Bongiorno, Francis Robert
This is a thesis about the development of labour politics in Victoria in the period between 1885 and 1914. The emergence of the Labor Party is a central theme, but the evolution of the Party is related to the broader political process in which it was involved. Labor's relations with unionism, liberalism and socialism as well as the anti-Labor forces moulded its character. The Labor Party was a field in which competing aspirants for political authority utilised various political languages in the...[Show more] political struggle. Before 1895, most unionists envisaged only minimal state intervention
in industrial relations. They believed that the main struggle for the rights of labour should be carried on outside the parliament. In the years between 1885 and 1890, there was a formalisation of industrial relations which enhanced the status of the Trades Hall Council by increasing its importance in the settlement of industrial disputes. In the 1880s and 1890s, relations between capital and labour acquired broader political meanings than before, a process which was a precondition for the emergence of a Labor Party. The Party which emerged in Victoria in the 1890s differed from its counterparts in the other colonies in its organisational form, ideology, and political strategies. There was no stable extra-parliamentary organisation to which parliamentarians could be held responsible. The Labor Party did not pursue an independent working-class political strategy, but remained attached to the Liberal Party. At the same time, working-class candidates consolidated an ouvrieriste political tradition whose central tenet was that the interests of the working class could only be properly represented in parliament by those who had belonged to a trade. In the early 1900s, in the context of an anti-Labor political mobilisation, there was a growth of support for Labor and a formalisation of Party organisation. The Labor leadership consolidated the Party organisation. In this period, the major theme of labour political discourse was the advantages of voting for a pledged candidate. This appeal met with only limited success, since traditional ways of understanding political representation were firmly entrenched among electors.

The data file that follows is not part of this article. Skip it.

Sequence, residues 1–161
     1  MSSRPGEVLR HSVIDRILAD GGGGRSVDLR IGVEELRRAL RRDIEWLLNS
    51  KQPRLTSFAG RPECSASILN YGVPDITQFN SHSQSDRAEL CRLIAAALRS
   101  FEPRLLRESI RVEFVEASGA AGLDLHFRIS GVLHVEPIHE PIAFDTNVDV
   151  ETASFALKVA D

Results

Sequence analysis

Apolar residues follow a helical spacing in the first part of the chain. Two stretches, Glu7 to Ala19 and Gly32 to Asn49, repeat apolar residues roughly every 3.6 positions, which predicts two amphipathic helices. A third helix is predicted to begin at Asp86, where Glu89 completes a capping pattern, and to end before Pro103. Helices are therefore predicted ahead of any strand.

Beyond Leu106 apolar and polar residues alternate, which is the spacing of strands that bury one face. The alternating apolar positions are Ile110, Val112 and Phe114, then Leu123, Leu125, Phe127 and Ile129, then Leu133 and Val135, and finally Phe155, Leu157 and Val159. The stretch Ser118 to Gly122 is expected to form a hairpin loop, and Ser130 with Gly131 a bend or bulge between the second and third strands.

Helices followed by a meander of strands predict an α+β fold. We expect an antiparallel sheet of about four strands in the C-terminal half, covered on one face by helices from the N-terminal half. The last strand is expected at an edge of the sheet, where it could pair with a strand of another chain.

By 1914, the Labor Party had strong union support, but this was a relatively recent phenomenon. Union support for the Party grew slowly between 1900 and 1914, with little progress before 1909. With the development of the state wages board system and compulsory arbitration in this period, however, industrial relations were further "politicised". Relations between capital and labour became enmeshed in party conflict, contributing to political alignments. In the labourism which emerged after 1900, there was an emphasis on working-class political agency, derived from both socialism and unionism, but there were also strong continuities between Victorian liberalism and labourism. The Labor leadership mobilised voters by appeals to populist collectivities as well as through the language of economic class. These populist cross-currents not only provided a sense of continuity with an earlier colonial liberalism, but were a way of resolving tensions in Labor's diverse constituencies and mobilising discontent for party political purposes. The emphasis in labour political discourse on universal categories, however, tended to marginalise female activists by ignoring the political significance of gender difference. In 1914, the Party was dominated by men, and its agenda tended to emphasise the concerns of its male constituents.
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